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If you’ve ever dreamed of making a difference in your community (or if you’re a kid who doesn’t mind getting a little dirty), then you’ll want to hear about Mile Strong Kids. Fred Bailon and John Soto, two elementary-school teachers in the majority Latino city of San Antonio, Texas, organized a one-day mud run to start “standing up to obesity.” The event was so surprisingly successful that it led to the formation of a running club and non-profit group to organize mud runs all over town.
Awareness/Learn: Fred Bailon and John Soto are teachers at W.Z. “Doc” Burke Elementary School in San Antonio, Texas. About 87% of Burke students are Latino and 82.3% of the school’s population is economically disadvantaged, according to the Texas Tribune.
Bailon and Soto started noticing more students struggle with obesity.
“One in three children are obese, so we wanted to help change that,” Bailon said.
Bailon and Soto both believed in the importance of staying active. On weekends they would often participate in 5K and 10K running events and other types of runs.
One increasingly popular running event is called a “mud run,” in which participants run several miles, stopping every now and then to go through obstacles that incorporate mud, water, hurdles, hanging, climbing, crawling, jumping, and just plain getting dirty.
One day, Bailon told his fourth-grade students about a mud run he and Soto recently participated in. The students got really excited, Bailon said, asking: “Is there something like that for kids?”
Latino kids often don’t participate in running events because of high entry costs, Bailon said.
A low- or no-cost mud run for kids seemed like a great idea to motivate and inspire kids to move and stay active into adulthood.
But Bailon had never heard of a mud run for kids; so he spoke with his friend and colleague Soto. After talking about it and searching for related events online, the two found no mud runs for San Antonio kids.
Frame Issue:“We started with the idea of creating a mud run at the school based on the response of the kids,” Bailon said.
Bailon and Soto thought about what they’d need to organize a school mud run: support from school staff and administration, approval from the school principal, and manpower, resources, and logistical help.
Education: Bailon and Lopez brought their school mud run idea to the school principal, Annette Lopez. Lopez had taken up running as a hobby and even joined Bailon and Soto on a recent mud run.
“Shortly after that she got the running bug,” Bailon said.
Bailon introduced the school mud run idea, “sort of jokingly,” but Lopez was open to it.
“She was more receptive of it because she knew how much fun these races were,” Bailon said.
Lopez asked the pair about the safety of obstacles for the proposed mud run.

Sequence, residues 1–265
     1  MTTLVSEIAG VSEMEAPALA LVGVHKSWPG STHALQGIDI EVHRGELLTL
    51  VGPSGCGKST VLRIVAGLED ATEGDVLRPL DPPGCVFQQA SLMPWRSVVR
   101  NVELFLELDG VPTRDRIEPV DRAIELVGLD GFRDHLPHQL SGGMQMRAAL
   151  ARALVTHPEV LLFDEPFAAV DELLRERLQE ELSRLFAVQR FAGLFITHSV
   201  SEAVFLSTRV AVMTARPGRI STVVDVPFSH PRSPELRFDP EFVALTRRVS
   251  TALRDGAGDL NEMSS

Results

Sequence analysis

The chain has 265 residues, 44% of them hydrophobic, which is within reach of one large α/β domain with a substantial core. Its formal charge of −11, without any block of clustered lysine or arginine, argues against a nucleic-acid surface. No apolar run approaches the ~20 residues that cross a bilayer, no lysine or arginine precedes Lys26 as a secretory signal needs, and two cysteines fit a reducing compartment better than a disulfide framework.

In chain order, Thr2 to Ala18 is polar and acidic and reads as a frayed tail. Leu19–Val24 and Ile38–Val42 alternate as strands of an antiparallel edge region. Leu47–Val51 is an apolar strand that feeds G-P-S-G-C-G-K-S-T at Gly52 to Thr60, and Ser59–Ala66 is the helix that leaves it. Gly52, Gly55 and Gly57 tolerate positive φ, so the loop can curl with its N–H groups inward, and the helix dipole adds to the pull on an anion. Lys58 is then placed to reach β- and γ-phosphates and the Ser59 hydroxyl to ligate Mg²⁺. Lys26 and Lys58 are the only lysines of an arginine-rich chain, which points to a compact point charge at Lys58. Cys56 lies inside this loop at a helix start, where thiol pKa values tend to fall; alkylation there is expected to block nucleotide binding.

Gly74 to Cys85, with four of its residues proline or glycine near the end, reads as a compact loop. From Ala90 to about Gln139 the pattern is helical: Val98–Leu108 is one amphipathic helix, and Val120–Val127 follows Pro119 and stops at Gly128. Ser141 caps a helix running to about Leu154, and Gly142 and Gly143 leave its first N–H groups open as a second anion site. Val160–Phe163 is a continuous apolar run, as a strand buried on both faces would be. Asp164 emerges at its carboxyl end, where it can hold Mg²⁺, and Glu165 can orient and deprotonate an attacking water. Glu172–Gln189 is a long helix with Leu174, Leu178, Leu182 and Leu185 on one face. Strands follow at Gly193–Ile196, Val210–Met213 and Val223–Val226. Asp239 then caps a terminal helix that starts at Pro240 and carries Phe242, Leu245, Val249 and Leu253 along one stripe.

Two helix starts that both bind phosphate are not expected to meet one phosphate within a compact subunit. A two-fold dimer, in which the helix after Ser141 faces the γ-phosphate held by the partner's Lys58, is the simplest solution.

“After they came to me, I asked them some questions. Once they showed me that the obstacles would not be dangerous, I said, ‘OK, we’ll put a plan together,’” Lopez said.
Lopez said Bailon and Soto had her full support, as long they organized the event.
Mobilization: Bailon and Soto then started to spread the word about the first-ever mud run at Burke.
They shared the idea with school teachers at their Monday weekly staff meeting, generating vast support.
“We have a lot of teachers that run recreationally,” Bailon said. “So they were excited.”
They showed students a “climatic” PowerPoint presentation showing 10 obstacles—a slip-and-slide station, water soakers, a mud pit, and more—including photos of Lopez and other teachers at a mud run.
Bailon and Soto said student interest was high.
They also started to seek school and community support for different aspects of the mud run, like race course obstacle equipment and medals/ribbons for winners.
The school offered use of some P.E. equipment for some obstacles.
They reached out to teachers, parents, and community business leaders to get donations and additional equipment, such as lumbar, tires, and dirt for the race. A local tire shop donated used tires.
They also started recruiting teachers and student family members to volunteer. They also developed a liability waiver based on others they had seen when competing in mud runs.
“We are fortunate that our school is very generous and giving of their time.” Bailon said. “I think that’s a key component, people have to be as excited about it, as you are.”
They held the first-ever Burke mud run in May 2012. Volunteers stood at stations to assist kids in completing each obstacle over the 1-mile course. All school students participated, each grade in its own wave of racers separated by 15 minutes. Because of their young age, Lopez said K-2 students ran with a parent or guardian.
The first mud run was a victory in many ways; there was an outpouring of support from the community, the kids enjoyed it, and parents wanted to know when the school would be doing it again.
The success was an eye-opener for Bailon and Soto.
Debate: Because the mud run at Burke had been such a huge hit, the two educators began thinking more globally about how they could bring mud runs to other schools across the city.
One idea was to start a nonprofit.
Starting a non-profit group could offer mud runs for free, invite more schools to participate, and also offer businesses and community supporters a way to get tax write-offs for their donations.
Another idea was to develop a mud run training program.
“Honestly, I thought it was just going to be a one-time thing, but that’s when we realized these kids needed more preparation,” Soto said. “Some of the kids we’re so out of shape. They had never run before.”